Foreign Body Retrieval
- What is Foreign Body Retrieval?
- What are some common uses of the procedure?
- How should I prepare?
- What does the equipment look like?
- How does the procedure work?
- How is the procedure performed?
- What will I experience during and after the procedure?
- Who interprets the results and how do I get them?
- What are the benefits vs. risks?
- What are the limitations of foreign body detection and removal?
What is Foreign Body Retrieval?
Foreign body retrieval involves the removal of potentially dangerous objects or substances in the body that have been introduced from the outside. They can be inhaled into the airway or swallowed and enter the esophagus and stomach either accidentally or intentionally, or introduced into the soft tissues. Commonly swallowed objects include coins, buttons, pins, nails, glass pieces, toothpicks, batteries, small toys or pieces of toys and fish bones.
Children account for about 80 percent of foreign body ingestions. Sometimes problems occur when button batteries are swallowed; magnetic toys can obstruct the bowel when they stick together and mercury within the batteries may seep out.
Foreign bodies in the throat or stomach:
Some ingested foreign bodies cause no symptoms. Alternatively, you may experience a sensation of something being stuck in your throat or esophagus. Drooling and difficulty swallowing are common symptoms. A small sharp object may become lodged in the esophagus and cause pain, even though you are able to swallow. Larger foreign bodies can partially or completely obstruct the stomach, the small intestine or, in rare cases, the large intestine, causing cramps, bloating, loss of appetite, vomiting, and sometimes fever. A sharp object that pierces the stomach or intestines can cause severe abdominal pain, fever, fainting and shock.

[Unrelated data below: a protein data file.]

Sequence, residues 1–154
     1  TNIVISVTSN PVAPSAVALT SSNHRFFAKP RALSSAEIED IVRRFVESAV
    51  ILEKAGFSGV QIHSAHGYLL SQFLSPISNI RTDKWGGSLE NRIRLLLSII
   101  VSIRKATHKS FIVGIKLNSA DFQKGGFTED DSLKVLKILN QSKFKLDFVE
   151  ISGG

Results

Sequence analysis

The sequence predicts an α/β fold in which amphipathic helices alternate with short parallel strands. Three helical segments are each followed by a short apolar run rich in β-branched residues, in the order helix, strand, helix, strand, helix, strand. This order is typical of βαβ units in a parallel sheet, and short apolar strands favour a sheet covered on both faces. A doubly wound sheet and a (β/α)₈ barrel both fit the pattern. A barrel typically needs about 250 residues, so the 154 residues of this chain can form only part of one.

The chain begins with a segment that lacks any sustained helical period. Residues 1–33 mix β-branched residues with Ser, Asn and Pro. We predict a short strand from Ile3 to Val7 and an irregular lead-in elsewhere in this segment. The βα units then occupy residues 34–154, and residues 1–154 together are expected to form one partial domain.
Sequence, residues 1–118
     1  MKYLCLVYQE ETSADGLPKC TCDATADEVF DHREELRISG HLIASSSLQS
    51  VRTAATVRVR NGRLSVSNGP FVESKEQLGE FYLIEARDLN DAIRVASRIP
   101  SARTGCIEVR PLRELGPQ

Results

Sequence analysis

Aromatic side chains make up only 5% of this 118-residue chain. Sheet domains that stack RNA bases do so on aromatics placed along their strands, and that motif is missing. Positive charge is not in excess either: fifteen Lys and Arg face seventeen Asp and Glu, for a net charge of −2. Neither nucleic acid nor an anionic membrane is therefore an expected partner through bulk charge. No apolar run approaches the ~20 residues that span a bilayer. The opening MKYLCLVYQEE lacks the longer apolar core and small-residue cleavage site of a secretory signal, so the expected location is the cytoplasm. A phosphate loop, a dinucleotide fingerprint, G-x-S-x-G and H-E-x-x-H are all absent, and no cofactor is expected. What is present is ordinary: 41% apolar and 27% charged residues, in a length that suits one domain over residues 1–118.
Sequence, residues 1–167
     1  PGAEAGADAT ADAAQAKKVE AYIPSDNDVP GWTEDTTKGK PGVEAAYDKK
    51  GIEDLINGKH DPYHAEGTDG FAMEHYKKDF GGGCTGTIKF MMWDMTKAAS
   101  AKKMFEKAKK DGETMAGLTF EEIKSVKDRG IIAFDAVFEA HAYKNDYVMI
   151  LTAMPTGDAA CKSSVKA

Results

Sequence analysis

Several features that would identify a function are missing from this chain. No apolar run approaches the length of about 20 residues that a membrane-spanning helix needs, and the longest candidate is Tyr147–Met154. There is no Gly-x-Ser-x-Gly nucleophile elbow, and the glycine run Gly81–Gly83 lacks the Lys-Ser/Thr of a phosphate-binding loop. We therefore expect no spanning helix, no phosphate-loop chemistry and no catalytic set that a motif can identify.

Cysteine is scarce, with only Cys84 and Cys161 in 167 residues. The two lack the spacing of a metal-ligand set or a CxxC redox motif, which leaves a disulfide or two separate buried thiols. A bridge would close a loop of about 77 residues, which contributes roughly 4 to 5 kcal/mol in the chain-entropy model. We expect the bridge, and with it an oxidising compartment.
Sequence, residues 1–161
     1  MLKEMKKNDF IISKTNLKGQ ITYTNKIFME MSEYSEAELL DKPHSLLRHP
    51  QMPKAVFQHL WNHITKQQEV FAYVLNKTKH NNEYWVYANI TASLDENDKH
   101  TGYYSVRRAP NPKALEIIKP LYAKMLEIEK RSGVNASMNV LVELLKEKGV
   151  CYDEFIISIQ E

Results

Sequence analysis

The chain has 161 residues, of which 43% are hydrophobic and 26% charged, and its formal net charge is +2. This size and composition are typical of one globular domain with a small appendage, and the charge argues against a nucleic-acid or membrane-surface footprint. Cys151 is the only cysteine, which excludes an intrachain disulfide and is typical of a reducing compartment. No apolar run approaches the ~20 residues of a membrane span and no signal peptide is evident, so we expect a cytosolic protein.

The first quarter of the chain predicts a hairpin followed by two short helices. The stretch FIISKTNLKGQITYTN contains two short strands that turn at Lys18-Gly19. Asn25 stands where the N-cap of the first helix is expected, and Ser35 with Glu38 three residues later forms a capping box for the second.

Foreign bodies in the airway:
Most foreign bodies in the airway are usually expelled through coughing. However, some foreign bodies may move from the throat into the bronchial branches. This can cause the patient to cough, but the foreign body remains trapped in the lung. This typically occurs in children and requires removal by bronchoscopy.
Foreign bodies in the soft tissues:
A soft tissue foreign body is an outside object like a splinter, rock or piece of metal that gets embedded in the tissue under the skin. Soft tissue foreign bodies can cause infection and damage to surrounding tissues.
What are some common uses of the procedure?
Foreign body retrieval is used to remove one or more foreign objects that have been ingested through the mouth or airway or introduced into the soft tissues. In some cases, objects can be dislodged rather than removed so that they pass safely through the digestive system.
How should I prepare?
If you ingest a foreign body or witness a child ingest one or suspect the presence of a soft tissue foreign body, contact your physician immediately. Treatment will depend on the type of foreign body and nature of the symptoms.
You should inform your physician of any medications being taken and if there are any allergies, especially to iodinated contrast materials. Also inform your doctor about recent illnesses or other medical conditions.
You may need to fast for about four hours before direct examination of the esophagus, so that your stomach is empty as you may receive sedation.
If sedation is required, you will need to have a relative or friend accompany you and drive you home afterward.
Foreign bodies are typically dealt with in the emergency room and the x-ray department. Some patients require sedation before their imaging exam.
You may be asked to remove some or all of your clothes and to wear a gown during the exam. You may also be asked to remove jewelry, removable dental appliances, eye glasses and any metal objects or clothing that might interfere with the x-ray images.
If you are to undergo a direct examination of your throat and esophagus, you may be given lozenges containing a local anesthetic to numb your throat. This eliminates the gag reflex and enables the physician to perform the examination without discomfort. Alternatively, the back of your throat may be sprayed with a local anesthetic. You also may be given a sedative to relax you.
Women should always inform their physician and x-ray technologist if there is any possibility that they are pregnant. Many imaging tests are not performed during pregnancy so as not to expose the fetus to radiation. If an x-ray is necessary, precautions will be taken to minimize radiation exposure to the baby. See the Safety page for more information about pregnancy and x-rays.